The u21 All Ireland football semi-finals were two cracking games of open, fast, tough football.
The previous week we saw two senior league semi-finals that were hard to watch unless you were a Kerry or Dublin supporter.
Some of those who were part of the U21 panels will also be seen playing later in the summer for their senior teams. Burnout and player injury are somewhat entwined, according to the GAA Playing Rules committee one of the main concerns was the over activity between the ages of 17-21.
It’s also interesting to note that this age group is most vulnerable to player drop out.
What are the reasons for this? Is it because players get side tracked by other interests, part-time jobs, exams, life in general or is it because they are exposed to too much football/camogie/ladies /hurling?
In a recent issue of Gaelic Life, the sports coach Fergus Connolly wrote a feature on injuries and injury prevention.
One of the points he makes is how managers are in a prime position to aid prevention and recovery. In my opinion that point could be argued. Some managers look at the long-term benefit of both the player and the team, while there those who only see short term success thereby jeopardising the long-term health of the player.
It has been rumoured that physios have stopped treating players or have left county set ups because player welfare is of the least importance.
Generally managers are only concerned with the players who are fit and available to them in order to win the match. If a player has not fully recovered, but there is a possibility that their team can win the match, then of course there is desire from both player and manager to play.
However, this instance usually happens as the season progresses and it becomes last-chance saloon. My concern is that the player is then put in a no-win situation due to the pressure he or she feels to play despite not being fully fit.
From my own experience the recovery from an injury is as mentally challenging as it is physically. The worry of getting back onto the pitch or being ready for a big game causes sleepless nights and only intensifies if there is added pressure from a manager to play.
Some managers don’t realise the undue pressure that is being put on players. This pressure usually occurs at county level where a player has to serve more than one master.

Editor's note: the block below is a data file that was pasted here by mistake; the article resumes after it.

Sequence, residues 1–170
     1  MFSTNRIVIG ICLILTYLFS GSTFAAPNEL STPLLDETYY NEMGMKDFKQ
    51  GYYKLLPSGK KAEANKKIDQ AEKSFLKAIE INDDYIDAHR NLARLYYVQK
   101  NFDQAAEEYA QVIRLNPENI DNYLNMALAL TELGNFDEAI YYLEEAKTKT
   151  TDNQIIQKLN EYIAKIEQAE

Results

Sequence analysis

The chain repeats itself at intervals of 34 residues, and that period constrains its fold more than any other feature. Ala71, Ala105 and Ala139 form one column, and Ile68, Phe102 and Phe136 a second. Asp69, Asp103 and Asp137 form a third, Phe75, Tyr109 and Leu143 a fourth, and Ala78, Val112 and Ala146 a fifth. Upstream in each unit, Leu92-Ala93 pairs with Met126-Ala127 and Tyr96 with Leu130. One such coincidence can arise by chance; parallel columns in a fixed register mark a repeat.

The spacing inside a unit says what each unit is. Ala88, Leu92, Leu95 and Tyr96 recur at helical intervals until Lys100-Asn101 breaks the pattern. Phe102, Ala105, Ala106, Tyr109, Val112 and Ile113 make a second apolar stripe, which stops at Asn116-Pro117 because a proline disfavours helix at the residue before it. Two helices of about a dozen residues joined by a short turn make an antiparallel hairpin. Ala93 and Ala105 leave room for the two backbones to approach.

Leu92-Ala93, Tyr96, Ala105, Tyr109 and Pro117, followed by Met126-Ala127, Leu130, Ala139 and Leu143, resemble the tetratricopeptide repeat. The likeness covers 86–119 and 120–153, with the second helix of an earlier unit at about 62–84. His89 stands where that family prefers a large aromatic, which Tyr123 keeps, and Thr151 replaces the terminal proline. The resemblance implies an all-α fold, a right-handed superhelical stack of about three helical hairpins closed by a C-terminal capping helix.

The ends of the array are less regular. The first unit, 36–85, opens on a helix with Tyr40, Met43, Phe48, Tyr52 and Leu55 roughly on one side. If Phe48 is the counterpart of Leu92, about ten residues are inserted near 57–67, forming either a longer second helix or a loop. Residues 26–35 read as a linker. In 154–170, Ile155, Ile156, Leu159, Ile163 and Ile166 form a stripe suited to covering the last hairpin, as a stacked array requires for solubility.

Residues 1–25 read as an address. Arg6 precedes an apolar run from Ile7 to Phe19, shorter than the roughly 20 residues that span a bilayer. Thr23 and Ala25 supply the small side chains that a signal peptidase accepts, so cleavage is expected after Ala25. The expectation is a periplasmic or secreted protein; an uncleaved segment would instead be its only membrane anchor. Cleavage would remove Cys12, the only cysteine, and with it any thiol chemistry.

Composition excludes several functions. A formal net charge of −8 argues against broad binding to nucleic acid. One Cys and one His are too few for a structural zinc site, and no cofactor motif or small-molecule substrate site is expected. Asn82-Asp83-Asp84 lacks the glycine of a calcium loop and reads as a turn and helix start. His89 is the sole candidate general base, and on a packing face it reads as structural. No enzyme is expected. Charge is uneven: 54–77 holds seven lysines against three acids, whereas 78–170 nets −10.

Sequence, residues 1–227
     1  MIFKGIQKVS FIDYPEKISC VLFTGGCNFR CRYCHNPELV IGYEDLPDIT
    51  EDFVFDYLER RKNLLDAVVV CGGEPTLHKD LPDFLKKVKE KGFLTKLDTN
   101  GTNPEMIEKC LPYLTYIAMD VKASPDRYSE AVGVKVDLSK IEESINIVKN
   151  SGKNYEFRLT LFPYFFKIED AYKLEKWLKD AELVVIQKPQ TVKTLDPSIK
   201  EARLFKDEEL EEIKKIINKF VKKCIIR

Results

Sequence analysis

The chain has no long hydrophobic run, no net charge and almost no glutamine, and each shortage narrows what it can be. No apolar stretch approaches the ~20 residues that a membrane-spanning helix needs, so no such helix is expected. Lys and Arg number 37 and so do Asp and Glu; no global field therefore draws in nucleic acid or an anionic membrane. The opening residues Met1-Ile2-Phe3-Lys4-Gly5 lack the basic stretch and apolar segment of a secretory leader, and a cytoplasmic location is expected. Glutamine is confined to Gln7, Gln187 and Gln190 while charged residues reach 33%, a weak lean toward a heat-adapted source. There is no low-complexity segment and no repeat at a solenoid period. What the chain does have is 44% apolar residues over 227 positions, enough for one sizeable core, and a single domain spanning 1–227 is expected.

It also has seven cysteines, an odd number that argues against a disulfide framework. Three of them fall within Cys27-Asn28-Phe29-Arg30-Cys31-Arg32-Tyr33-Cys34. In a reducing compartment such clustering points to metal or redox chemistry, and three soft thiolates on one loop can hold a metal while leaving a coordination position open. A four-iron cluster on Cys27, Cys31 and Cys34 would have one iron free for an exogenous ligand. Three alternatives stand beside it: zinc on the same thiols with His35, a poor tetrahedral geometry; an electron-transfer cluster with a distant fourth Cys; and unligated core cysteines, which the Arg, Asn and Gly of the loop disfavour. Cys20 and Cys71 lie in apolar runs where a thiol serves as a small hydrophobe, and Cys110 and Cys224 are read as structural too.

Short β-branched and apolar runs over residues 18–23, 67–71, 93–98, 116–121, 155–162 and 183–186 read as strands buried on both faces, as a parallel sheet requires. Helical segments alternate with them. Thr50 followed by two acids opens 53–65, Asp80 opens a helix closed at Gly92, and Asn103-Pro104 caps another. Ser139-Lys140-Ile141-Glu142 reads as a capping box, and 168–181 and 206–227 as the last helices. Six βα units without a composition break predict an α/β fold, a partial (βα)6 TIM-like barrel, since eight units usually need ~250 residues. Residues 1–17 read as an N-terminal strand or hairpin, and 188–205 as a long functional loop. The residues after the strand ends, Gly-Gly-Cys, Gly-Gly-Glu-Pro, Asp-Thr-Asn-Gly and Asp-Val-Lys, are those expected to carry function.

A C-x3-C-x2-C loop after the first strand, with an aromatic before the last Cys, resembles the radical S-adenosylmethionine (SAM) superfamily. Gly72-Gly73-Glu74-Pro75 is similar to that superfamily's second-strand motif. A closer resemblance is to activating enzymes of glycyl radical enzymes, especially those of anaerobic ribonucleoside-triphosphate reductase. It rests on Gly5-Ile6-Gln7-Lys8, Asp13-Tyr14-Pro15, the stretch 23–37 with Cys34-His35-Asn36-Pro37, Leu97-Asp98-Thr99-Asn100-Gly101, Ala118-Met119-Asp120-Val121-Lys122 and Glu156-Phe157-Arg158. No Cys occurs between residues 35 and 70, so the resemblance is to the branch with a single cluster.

My club Clonduff were involved in the Ulster U21 Championship this year and it was brilliant not just for the team but for everyone in the club.
The quarter finals were played in January before the GAA gets up and running.
The Donegal representatives were Kilcar who were narrowly defeated in their quarter finals. This defeat was compounded when they had to field without their best players – one of whom was voted Young Player of the Year in 2015.
Their unavailability, we were led to believe, was because the Donegal senior manager prohibited them from doing so as they had arranged a county challenge match putting the players in an impossible situation.
To put those players in that position and make them choose between playing for their club in a competition that is specifically for that age group or playing in a challenge match in January is both emotionally and mentally draining on a player.
What is the harm in allowing players to take part in a game that was specifically for their age group?
Abolishing the intercounty U21 championship is not the answer.
The GAA also tried to impose training bans on county teams in the off season too and as we all know this does not work. Managers will stop at nothing to give themselves a head start on the opposition, we hear of the training regimes that county players are going through now….gym sessions, pitch sessions, recovery sessions, tactics, sessions in the morning / evening, training weekends, training camps abroad……where does it all end?
The number of players that require surgery on injuries is reaching epidemic levels that could leave them with long-term health issues. I do believe that we are only at the tip of the iceberg concerning injuries and burnout, and that the demands placed on players is unsustainable.
Watching players who have performed at the highest level into their mid-thirties will soon become a thing of the past and the retirement age of an intercounty player will become lower and lower.